When a film includes punctuation in its title, it’s a signal that you should pay attention. The exclamation adorning Miss Sharon Jones is no anomaly. The woman is a phenom worthy of exclamation. Often called the female James Brown, you’ll notice the similarities not just in the soulful tone of her voice, but in her tireless performance.
Sharon Jones didn’t find fame until middle age. Before then, she’d paid the bills with corrections work on Rikers Island. But then the music business started paying attention and audiences marveled at her powerful energy and her joyful performances. Touring with her band, the Dap-Kings, Jones’s career was taking off when she was suddenly diagnosed with pancreatic cancer in 2013. Director Barbara Kopple is with Jones during her treatment, and Miss Sharon Jones! is a testament not just to the music, but to the immense effort Jones goes through in order to make it.
It is difficult to see such a formidable, vibrant artist brought down by disease. Her energy onstage is unreal, and her positivity stays with her even as she languishes in bed with nothing but daytime talk show hosts to keep her company. This documentary focuses on faith and perseverance, but never fails to remind us of Sharon’s individuality, her humanity, and her quest to squeeze more out of life.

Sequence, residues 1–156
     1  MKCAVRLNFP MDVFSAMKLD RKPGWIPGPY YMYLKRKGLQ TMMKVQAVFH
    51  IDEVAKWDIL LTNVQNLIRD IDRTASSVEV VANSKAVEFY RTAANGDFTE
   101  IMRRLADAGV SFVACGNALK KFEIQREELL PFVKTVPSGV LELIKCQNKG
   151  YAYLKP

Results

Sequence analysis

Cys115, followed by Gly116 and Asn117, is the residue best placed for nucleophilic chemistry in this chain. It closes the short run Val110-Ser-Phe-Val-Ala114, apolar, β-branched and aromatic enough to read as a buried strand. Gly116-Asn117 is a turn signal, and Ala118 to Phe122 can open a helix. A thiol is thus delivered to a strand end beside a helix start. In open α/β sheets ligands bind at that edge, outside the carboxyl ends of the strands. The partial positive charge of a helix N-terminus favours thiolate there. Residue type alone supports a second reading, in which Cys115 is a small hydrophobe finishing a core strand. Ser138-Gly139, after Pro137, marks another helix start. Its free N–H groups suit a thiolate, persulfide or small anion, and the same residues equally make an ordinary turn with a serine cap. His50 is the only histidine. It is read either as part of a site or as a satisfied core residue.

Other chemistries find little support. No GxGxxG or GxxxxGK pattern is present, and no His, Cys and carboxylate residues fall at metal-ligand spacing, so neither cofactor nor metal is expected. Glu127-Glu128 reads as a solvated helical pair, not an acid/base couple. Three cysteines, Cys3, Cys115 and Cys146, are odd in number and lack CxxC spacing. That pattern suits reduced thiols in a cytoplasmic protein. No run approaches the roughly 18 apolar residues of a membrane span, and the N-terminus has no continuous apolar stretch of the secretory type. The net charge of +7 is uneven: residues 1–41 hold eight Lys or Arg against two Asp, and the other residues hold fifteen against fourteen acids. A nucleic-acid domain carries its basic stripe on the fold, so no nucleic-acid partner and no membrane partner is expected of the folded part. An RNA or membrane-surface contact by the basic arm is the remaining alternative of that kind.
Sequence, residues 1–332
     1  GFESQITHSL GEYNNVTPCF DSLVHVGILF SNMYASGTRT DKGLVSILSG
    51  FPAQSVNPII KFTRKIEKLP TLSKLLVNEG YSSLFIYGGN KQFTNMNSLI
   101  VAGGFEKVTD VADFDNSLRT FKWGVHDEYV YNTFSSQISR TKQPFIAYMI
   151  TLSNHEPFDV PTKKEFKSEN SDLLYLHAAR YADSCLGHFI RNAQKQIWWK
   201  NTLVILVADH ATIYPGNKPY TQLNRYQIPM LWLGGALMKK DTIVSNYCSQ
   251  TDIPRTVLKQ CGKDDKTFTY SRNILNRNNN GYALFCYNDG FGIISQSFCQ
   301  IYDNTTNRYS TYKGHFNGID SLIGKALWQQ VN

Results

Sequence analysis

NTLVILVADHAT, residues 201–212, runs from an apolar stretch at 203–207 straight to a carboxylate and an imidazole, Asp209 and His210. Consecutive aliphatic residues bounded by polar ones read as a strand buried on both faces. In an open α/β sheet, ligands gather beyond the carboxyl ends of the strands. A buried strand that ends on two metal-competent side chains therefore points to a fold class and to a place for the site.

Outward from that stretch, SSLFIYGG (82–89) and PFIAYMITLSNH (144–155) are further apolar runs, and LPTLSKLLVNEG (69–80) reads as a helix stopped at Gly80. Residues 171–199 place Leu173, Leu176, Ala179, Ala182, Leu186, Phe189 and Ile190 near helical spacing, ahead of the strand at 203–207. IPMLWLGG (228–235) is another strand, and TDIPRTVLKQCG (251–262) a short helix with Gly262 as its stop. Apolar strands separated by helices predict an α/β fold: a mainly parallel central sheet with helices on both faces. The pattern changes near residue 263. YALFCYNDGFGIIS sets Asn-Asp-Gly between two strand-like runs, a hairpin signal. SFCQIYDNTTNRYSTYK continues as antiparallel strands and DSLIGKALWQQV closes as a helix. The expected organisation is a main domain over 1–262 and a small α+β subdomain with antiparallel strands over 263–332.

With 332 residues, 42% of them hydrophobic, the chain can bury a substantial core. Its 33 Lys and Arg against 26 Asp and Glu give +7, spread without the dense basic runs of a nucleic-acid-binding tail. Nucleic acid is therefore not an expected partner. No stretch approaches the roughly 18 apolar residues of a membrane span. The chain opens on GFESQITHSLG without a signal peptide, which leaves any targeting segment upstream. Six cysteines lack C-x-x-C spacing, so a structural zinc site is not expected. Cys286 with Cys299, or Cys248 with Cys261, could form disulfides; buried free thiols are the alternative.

Great music is often tinged with mortality, and that’s where Miss Sharon Jones! distinguishes itself from the biopic documentary genre. This is not a rise to fame recounting, it’s more about facing down death with graciousness, gratitude, friends, and yes – music. Always music. It’s clearly Jones’ passion and her greatest motivator. But the people she plays it with and shares it with are just as important, perhaps even more so as her health fails and her recovery is rocky. There is a stark contrast between her life as a performer and that as a cancer patient, and the best parts of this film are found right in that crack, where Miss Jones is unafraid to be honest, and to share this journey with her fans just as she shares her music, and her best self on stage, where Jones is really, truly alive.